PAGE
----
When I was a kid, my grandparents used to take my brothers and I to their cabin near the lake. We called it “The Lakehouse”.

I remember a lot of ‘firsts’ there.

I saw a nest of birds for the first time in my life there, and my grandmother warned me that birds will abandon a chick if it’s touched by human hands.

I saw a scorpion for the first time there, skittering along in the sand.

I saw firecrackers for the first time there too.

The girl next door told my grandfather I was handsome, and stared at me intensely whenever we unloaded the car. Years later, my grandparents sold the house to her family.

It was a… strange house. My grandfather built it himself. It was two stories, the walls had no insulation, and half the fridge was full of weird raisins, pickles and dozens of things well past their expiration.

I remember waking up in the dead of night and hearing footsteps going slowly up and down the stairs. There was something about… how slow the steps were, that unnerved me. The noise continued though, without stopping. I could think of nothing but ghosts, and dead things, bleeding from the mouth and… somehow, never reaching the top of the stairs.

Nearing wit’s end, I woke my grandmother, who sleepily explained that the wood the stairs was made of simply creaks as the temperature outside cools down.

Once, my brothers and two of our friends got the idea to build a big hole next to the house so we’d have an underground fort. At first, we made slow progress, but several hours later the hole was several feet deep, and growing.

We were ecstatic. This was history in the making, we said.

This fort was going to be great.

As evening came around, my uncle came outside, pulled me aside, and with a slightly bemused expression, told me that, actually, we should probably… stop.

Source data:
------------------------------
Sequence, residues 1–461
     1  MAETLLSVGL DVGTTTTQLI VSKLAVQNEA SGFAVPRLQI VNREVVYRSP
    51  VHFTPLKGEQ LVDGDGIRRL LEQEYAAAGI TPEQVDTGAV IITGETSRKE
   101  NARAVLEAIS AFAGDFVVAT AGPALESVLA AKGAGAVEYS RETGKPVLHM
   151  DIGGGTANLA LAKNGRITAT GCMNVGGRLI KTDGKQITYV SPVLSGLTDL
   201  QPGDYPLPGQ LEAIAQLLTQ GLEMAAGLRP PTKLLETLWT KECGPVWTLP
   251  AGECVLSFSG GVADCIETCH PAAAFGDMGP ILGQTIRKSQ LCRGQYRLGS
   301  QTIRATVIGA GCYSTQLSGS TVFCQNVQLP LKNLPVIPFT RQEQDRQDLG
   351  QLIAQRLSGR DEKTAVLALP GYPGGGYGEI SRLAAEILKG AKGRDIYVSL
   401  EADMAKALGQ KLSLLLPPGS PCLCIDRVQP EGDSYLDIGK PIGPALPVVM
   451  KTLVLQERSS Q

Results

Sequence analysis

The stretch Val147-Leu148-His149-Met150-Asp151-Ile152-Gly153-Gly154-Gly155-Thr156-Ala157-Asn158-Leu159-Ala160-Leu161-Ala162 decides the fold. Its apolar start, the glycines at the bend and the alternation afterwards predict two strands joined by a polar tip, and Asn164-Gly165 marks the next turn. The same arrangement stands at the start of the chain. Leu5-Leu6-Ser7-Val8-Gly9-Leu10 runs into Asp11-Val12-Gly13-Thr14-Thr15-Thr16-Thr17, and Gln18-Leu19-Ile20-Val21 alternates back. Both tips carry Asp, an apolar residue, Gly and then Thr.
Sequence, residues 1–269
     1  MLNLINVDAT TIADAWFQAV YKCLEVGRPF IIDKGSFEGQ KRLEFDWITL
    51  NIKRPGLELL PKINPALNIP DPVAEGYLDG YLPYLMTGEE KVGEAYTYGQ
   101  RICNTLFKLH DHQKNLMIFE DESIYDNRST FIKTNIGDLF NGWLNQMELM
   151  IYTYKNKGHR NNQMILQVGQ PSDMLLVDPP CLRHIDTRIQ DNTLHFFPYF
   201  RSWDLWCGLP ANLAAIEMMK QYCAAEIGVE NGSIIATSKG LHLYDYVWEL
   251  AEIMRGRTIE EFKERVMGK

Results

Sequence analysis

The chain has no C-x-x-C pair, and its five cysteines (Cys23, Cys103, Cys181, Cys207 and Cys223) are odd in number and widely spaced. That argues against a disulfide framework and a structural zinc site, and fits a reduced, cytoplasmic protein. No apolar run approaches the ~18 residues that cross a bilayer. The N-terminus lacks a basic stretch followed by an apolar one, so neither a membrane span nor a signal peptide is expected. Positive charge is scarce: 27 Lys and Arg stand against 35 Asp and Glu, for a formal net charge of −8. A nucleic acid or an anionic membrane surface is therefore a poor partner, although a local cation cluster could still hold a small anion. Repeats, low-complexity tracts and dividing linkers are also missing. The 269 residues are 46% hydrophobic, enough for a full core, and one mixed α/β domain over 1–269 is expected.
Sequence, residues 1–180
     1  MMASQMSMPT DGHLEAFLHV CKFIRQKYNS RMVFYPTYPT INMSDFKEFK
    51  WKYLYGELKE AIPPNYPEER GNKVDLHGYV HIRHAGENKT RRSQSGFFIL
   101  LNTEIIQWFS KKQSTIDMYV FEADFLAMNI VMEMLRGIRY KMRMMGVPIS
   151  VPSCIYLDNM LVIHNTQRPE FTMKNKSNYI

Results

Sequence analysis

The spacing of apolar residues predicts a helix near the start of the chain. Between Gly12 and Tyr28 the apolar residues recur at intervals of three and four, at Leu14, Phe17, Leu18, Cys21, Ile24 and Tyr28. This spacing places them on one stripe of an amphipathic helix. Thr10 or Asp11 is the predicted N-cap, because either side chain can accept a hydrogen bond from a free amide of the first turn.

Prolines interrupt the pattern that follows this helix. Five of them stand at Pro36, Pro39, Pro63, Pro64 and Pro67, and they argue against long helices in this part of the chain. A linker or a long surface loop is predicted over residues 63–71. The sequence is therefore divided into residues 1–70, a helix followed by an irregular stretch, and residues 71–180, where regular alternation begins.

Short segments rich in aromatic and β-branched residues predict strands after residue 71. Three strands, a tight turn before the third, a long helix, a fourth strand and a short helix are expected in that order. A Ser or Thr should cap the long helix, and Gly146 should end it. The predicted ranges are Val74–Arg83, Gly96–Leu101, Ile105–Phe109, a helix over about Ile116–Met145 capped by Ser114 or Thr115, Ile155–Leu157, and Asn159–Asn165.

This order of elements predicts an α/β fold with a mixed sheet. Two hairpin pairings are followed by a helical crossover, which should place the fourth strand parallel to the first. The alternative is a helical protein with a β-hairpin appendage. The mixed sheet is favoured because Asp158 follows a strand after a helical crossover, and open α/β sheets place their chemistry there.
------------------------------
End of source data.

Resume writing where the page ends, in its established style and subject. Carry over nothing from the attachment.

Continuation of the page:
He said that my grandfather, who’d signed off on the fort endeavor, had never expected us to dig so far down we might actually endanger the house’s foundation.

Thus, the grand plan was abandoned.

The hole was filled in.

There were tears.

One year, our family had a shaving cream fight. Everyone ran around the house shooting shaving cream at each other, which is something I’ve never done once since then. There’s an art to dodging it, I learned, sort of like dodgeball. The person with the least surface area covered won, and the person slathered with the most shaving cream had to do the dishes from dinner.

In the midwest, crickets sometimes spawn in their millions, and show up everywhere. One year they invaded, and there were several tense evenings in the living room were the crickets kept getting in sporadically, and kept landing on people out of the blue.

At one point, I realized I could make mud take on different colors using things like berries, plants, and other disgusting things I found. I’d mix up ‘potions’, then slather a thin layer at the bottom of a glass jar and leave it in the sun to dry. Then, I’d look up into the sun so I could see the sunlight shine through, which would silhouette the forms of the dead insect’s heads and legs.


That was me.

The thing is… I look back on that, and I can’t help but feel how fucking EASY my life is now.

I mean, if I want a specific color, I just go out and buy it. Or, at most, I mix two existing colors to get what I want.

I don’t mix bug guts and mud together, then bake the resulting concoction in an old mason jar.

I do, however, create characters, and the worlds they live in.

Today’s artwork is a character from GREEN KNIGHT, named Brigdehl.

You could say he’s the villain, I suppose, but that would be an oversimplification of a narrative I’ve, admittedly, worked pretty fucking hard on.

Anyway, more to come, as always.

But hey, did you watch the impeachment proceedings today?

I admit, as a self-professed language nerd, seeing two sides pit academics against one another and speak to the intentions of men hundreds of years dead seems only slightly less archaic than handing them swords and shields and watching them hack each other apart to determine who’s “right”.

Languages drift. They change.

One of my favorite phrases that was bandied about was:

“…enacted in his own bosom.”

Oh, man. That’s rich.

Such truly archaic phrasing.